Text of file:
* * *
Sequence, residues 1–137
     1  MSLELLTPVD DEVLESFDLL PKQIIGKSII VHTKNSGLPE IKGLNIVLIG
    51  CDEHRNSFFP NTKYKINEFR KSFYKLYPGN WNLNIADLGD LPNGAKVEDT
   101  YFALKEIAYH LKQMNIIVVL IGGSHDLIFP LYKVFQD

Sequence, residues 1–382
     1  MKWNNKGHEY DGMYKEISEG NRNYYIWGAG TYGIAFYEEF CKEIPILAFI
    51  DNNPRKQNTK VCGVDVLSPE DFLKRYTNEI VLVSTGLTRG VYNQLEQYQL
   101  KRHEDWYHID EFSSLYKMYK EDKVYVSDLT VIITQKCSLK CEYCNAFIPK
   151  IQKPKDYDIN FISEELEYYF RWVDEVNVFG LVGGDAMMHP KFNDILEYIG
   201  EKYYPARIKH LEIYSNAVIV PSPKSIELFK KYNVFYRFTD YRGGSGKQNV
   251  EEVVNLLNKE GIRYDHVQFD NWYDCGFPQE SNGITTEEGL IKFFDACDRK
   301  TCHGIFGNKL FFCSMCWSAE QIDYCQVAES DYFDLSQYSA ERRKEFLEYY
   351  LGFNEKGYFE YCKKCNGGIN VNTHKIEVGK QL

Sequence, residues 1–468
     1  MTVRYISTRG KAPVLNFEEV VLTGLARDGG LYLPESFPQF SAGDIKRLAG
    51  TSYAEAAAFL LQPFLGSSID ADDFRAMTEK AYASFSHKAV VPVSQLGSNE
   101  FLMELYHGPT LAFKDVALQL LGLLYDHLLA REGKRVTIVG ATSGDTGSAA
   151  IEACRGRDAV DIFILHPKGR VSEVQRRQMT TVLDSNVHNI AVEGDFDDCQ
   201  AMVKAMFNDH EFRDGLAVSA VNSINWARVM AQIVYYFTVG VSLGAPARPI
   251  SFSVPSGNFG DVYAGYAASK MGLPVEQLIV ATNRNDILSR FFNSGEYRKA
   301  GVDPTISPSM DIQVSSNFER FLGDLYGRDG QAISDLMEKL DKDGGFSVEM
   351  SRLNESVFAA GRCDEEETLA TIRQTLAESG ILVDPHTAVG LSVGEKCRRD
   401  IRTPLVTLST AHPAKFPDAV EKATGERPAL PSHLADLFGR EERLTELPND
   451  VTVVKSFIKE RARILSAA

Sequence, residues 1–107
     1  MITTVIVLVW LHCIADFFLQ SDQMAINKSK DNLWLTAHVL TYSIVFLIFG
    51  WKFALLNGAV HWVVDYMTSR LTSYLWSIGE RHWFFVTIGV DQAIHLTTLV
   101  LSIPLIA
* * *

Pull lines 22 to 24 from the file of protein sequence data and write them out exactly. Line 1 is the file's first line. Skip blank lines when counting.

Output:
   351  SRLNESVFAA GRCDEEETLA TIRQTLAESG ILVDPHTAVG LSVGEKCRRD
   401  IRTPLVTLST AHPAKFPDAV EKATGERPAL PSHLADLFGR EERLTELPND
   451  VTVVKSFIKE RARILSAA